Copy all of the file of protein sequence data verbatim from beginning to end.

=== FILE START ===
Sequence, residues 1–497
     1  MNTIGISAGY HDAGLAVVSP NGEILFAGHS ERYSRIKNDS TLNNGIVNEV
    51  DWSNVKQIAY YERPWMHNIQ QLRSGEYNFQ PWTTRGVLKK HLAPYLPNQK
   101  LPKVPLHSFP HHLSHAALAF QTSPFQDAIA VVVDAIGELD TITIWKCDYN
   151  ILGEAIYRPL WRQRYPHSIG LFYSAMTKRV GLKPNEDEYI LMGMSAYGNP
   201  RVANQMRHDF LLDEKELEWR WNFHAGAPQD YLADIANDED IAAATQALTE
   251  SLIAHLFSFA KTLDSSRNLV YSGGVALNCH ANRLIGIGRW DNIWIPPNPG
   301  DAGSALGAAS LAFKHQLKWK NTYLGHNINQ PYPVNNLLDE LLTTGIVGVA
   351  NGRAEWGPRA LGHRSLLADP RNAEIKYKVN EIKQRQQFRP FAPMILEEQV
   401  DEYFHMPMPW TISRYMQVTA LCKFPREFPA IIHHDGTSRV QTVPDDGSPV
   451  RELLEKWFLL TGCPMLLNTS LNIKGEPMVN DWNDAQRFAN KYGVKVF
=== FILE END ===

Sequence, residues 1–497
     1  MNTIGISAGY HDAGLAVVSP NGEILFAGHS ERYSRIKNDS TLNNGIVNEV
    51  DWSNVKQIAY YERPWMHNIQ QLRSGEYNFQ PWTTRGVLKK HLAPYLPNQK
   101  LPKVPLHSFP HHLSHAALAF QTSPFQDAIA VVVDAIGELD TITIWKCDYN
   151  ILGEAIYRPL WRQRYPHSIG LFYSAMTKRV GLKPNEDEYI LMGMSAYGNP
   201  RVANQMRHDF LLDEKELEWR WNFHAGAPQD YLADIANDED IAAATQALTE
   251  SLIAHLFSFA KTLDSSRNLV YSGGVALNCH ANRLIGIGRW DNIWIPPNPG
   301  DAGSALGAAS LAFKHQLKWK NTYLGHNINQ PYPVNNLLDE LLTTGIVGVA
   351  NGRAEWGPRA LGHRSLLADP RNAEIKYKVN EIKQRQQFRP FAPMILEEQV
   401  DEYFHMPMPW TISRYMQVTA LCKFPREFPA IIHHDGTSRV QTVPDDGSPV
   451  RELLEKWFLL TGCPMLLNTS LNIKGEPMVN DWNDAQRFAN KYGVKVF